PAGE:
U.S. and China Reach “Phase One” Trade Deal

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U.S. and China Reach “Phase One” Trade Deal

After more than a year of heightened tensions, back-and-forth tariffs, and plenty of near misses, it seems that the United States and The People’s Republic of China have reached a preliminary trade deal. As a result both nations are calling off new rounds of tariffs that were set to go into effect. Additionally the U.S. has cut tariffs on some Chinese imports by half.

Word of the deal was first announced by President Donald Trump on Twitter. The President wrote, “We have agreed to a very large Phase One Deal with China. They have agreed to many structural changes and massive purchases of Agricultural Product, Energy, and Manufactured Goods, plus much more. The 25% Tariffs will remain as is, with 7 1/2% put on much of the remainder.” He went on to confirm that the additional tariffs that had been scheduled to take effect on December 15th would be canceled. Those would have impacted $160 billion worth of goods from China including consumer electronics. Meanwhile CNN Business reports that the 25% tariffs will continue to on $220 billion in imports while the 7.5% — formerly 15% — tariffs affect $120 billion in products. For their part, Beijing has also agreed to cancel tariffs that were set to take effect the same day as the U.S.-imposed ones. This round would have put 25% duties on such items as corn and American-made autos.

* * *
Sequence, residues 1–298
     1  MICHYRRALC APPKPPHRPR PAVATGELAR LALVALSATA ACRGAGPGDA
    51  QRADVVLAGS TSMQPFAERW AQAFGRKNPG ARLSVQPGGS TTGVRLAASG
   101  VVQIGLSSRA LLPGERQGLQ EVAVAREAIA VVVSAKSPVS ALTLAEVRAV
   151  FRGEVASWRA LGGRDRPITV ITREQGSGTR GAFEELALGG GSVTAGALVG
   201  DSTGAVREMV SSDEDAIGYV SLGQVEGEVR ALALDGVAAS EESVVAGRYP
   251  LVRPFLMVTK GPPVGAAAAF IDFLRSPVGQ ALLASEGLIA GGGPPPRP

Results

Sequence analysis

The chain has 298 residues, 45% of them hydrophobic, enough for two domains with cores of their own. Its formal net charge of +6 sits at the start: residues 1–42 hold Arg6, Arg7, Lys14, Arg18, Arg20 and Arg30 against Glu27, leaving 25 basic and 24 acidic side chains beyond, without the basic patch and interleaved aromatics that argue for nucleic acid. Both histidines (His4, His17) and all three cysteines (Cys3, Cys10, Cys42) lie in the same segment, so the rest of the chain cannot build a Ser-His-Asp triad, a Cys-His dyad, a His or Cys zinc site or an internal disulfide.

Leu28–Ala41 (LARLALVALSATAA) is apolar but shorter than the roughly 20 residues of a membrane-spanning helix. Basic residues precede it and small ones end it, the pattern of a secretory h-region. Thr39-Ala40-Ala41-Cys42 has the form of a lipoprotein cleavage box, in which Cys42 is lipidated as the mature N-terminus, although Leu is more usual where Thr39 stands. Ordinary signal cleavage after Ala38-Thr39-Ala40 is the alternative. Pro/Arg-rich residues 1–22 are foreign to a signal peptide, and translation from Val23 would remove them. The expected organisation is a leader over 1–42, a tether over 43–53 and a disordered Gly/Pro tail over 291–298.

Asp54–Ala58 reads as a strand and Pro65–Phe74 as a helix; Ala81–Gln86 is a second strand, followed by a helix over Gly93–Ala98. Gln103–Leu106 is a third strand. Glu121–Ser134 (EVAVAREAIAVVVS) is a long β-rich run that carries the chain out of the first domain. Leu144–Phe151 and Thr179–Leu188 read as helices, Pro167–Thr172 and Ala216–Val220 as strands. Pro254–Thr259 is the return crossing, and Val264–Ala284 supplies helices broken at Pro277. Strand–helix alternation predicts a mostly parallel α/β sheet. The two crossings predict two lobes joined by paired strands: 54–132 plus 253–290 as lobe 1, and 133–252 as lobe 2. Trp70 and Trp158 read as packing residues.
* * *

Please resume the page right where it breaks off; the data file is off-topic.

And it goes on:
According to President Trump, this deal is only the beginning. In a follow-up tweet the Commander in Chief wrote, “We will begin negotiations on the Phase Two Deal immediately, rather than waiting until after the 2020 Election.” That potential deal would apparently be more comprehensive than the “phase one” edition.

The deescalation of the U.S.-China trade war was welcomed news for the markets, which have regularly moved up or down as negotiations have been called off and reengaged over the past several months. Of course it’s also potentially good for consumers who would most likely have had to bear the brunt of any new import tariffs (assuming that manufacturers increased their prices accordingly, that is). As for what’s ahead, many are now expecting the United States and President Trump to leverage the remaining tariffs to work toward a new “phase two” deal. However, if past negotiations are any indication, it could be some time before such an agreement is reached. Still this “phase one” deal seems to be a positive step forward for two of the world’s largest economies.


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Jonathan Dyer

I'm a small town guy living in Los Angeles looking to make solid financial decisions. I write for a number of finance websites, including HuffingtonPost and Business2Community. I founded DyerNews.com in 2015 to focus on personal finance and the emerging FinTech markets.

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